- Mostly an ascii lookup table, 128 bytes long, one byte per character.
- If the value is under or equal to
KEY_STR, it is a "special" character, and takes a second lookup.
- Just like
QuertyNames, but has the values for when shift is pressed. Special keys are identical to original table.
KEY_STRoffsets (word sized) that point to
KEY_STRcharacters (byte sized) which are the ascii the special keys should use
- Holds screen offsets used for drawing each key.
As the user types a string, it needs to be compared against the correct string. As the user makes mistakes, they need to be highlighted. When the user hits backspace, we need to back up the user version. All these things need to be tracked, and drawn in the appropriate colors.
- Draw the string the user has to match in
- Draw pieces of the string the user types correctly in
- Draw mistaken characters in
Similarly, the keyboard must be updated to match the current state of the keyboard (yes, there are some keys that make it look like shift was pressed when it wasn't. Don't worry about them; just treat the shift scancode as you always would).
- Draw the keyboard border and all normal keys in
- Draw the keys that are currently down in
Rather than redrawing the entire keyboard every time, just use
HighlightKeyto change the attribute of a given key by scancode (for easy use of the lookup table). But do redraw the entire keyboard (not changing the attributes) using the Shift tables, if [
shift] changes to true (or the normal tables if it changes to false).
quit] being set to nonzero. This requires smart coding of
DisplayStatsand wait for a key press before resetting with
KeySkin, drawing them to the screen starting at
KBD_OFF, and looping for 11 rows of 80 characters.
DrawKeyboarddraws blanks where the names will go.
QwertyNamesif [shift]==0, or
KEY_STR, just use the byte value as its appearance.
KEY_STR) it is a lookup into
SpecialKeys, which points to
ticks], and [
ATTR_NORMAL, update [
currentStr], and draw the new string with
currentStr] is zero, this is one past the final string. Reset [
currentStr] to zero.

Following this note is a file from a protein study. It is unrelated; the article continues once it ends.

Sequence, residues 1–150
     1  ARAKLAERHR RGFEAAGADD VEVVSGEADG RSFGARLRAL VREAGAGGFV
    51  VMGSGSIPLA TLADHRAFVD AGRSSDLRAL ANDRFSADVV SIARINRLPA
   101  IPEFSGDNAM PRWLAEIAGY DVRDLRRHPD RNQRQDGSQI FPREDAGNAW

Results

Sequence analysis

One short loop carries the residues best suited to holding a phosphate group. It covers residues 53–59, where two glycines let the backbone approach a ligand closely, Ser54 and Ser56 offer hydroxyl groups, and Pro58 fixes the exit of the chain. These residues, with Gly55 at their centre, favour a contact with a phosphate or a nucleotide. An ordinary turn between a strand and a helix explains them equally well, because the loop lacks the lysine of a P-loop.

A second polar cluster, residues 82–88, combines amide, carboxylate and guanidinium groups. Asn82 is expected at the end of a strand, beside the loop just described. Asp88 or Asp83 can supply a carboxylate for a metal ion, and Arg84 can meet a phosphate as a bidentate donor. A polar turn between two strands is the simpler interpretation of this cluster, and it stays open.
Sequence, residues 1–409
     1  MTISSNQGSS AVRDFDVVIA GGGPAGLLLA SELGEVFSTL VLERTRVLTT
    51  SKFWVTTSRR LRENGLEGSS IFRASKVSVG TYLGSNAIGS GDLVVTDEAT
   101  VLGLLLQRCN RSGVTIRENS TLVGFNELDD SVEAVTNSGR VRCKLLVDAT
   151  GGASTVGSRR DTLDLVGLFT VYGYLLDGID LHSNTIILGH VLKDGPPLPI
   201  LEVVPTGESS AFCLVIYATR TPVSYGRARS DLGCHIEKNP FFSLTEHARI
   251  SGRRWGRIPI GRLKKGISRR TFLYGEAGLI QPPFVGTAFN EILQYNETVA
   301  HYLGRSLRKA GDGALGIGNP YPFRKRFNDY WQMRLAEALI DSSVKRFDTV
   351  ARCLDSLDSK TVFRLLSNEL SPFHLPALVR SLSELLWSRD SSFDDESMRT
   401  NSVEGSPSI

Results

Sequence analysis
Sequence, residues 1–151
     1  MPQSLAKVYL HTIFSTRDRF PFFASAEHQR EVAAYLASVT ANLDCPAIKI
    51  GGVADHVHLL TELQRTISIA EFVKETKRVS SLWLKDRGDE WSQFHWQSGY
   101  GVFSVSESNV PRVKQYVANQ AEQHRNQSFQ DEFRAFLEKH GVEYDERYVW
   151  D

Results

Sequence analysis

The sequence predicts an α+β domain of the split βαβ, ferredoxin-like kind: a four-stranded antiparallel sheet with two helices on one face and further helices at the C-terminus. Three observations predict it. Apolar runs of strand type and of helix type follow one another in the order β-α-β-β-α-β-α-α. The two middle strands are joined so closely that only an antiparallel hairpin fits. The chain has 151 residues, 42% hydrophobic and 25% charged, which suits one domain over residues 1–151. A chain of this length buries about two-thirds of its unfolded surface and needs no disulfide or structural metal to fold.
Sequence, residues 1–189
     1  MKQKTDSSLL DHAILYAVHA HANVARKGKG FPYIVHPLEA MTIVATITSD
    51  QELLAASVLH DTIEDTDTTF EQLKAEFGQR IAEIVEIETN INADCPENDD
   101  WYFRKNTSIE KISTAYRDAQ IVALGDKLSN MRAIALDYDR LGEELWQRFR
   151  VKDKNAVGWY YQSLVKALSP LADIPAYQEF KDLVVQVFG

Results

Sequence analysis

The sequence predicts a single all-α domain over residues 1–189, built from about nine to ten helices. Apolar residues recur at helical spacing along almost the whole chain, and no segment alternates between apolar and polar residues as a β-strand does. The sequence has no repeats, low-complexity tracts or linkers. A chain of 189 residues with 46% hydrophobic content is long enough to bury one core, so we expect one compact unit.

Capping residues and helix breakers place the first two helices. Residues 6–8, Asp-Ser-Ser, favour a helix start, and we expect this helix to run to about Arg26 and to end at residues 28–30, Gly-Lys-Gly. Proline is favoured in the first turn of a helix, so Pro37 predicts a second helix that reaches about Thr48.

ticks] every time, [
seconds] and [
fifths] every 18 ticks, and decrement [
seconds] every five fifths.
ticks] and [
fifths] after they trigger an increment or decrement, respectively.
nextKey] to the ascii according to the lookup tables: like in
KEY_STR, just use it as the ascii, but use
HighlightKeyon any scancode <
shift], and call
DrawKeyNameswhen it changes
ATTR_RELEASEDas your attribute byte
DrawKeyNamesfor documentation on the lookup table structure
quit] > 0 (then it can be anything)
quit] or [
nextKey] to be nonzero
CheckKeyclaims a match, use
ATTR_NORMAL, but use
CheckKeysays we're done, or the user presses enter
IN_ROW, column bx (See http://www.ctyme.com/intr/int-10.htm)
ZF= 1 if and only if key matches (don't worry about during end case; user can't press 00h)
CF= 1 if and only if we're at the end of the string (zero terminated)
currentStr] is the index of the string (0..
StrTableis a lookup table of string starting addresses: thus compare [[
currentStr]]+bx] to al, but make it work in assembly
errors] on any mismatched key
errors] and [
seconds] pointing to
TIME_OFF, respectively, with
errorMsgis directly before
errorNumand relies on the
binascplaces at the end of
Monitor the newsgroup and this on-line section for revisions to the MP or to the write-up
1. Demonstrate your MP3.EXE to a TA. You may be asked to recompile and demo the program. Your program must work with all given input.
2. Be prepared to answer questions about any aspect of the operation of your program. The TAs will not accept an MP if you cannot fully explain your code and your implementation. Delayed MPs will be subject to late penalties as described in the course syllabus (10/pts per day).
3. The TA will complete the code submission procedure.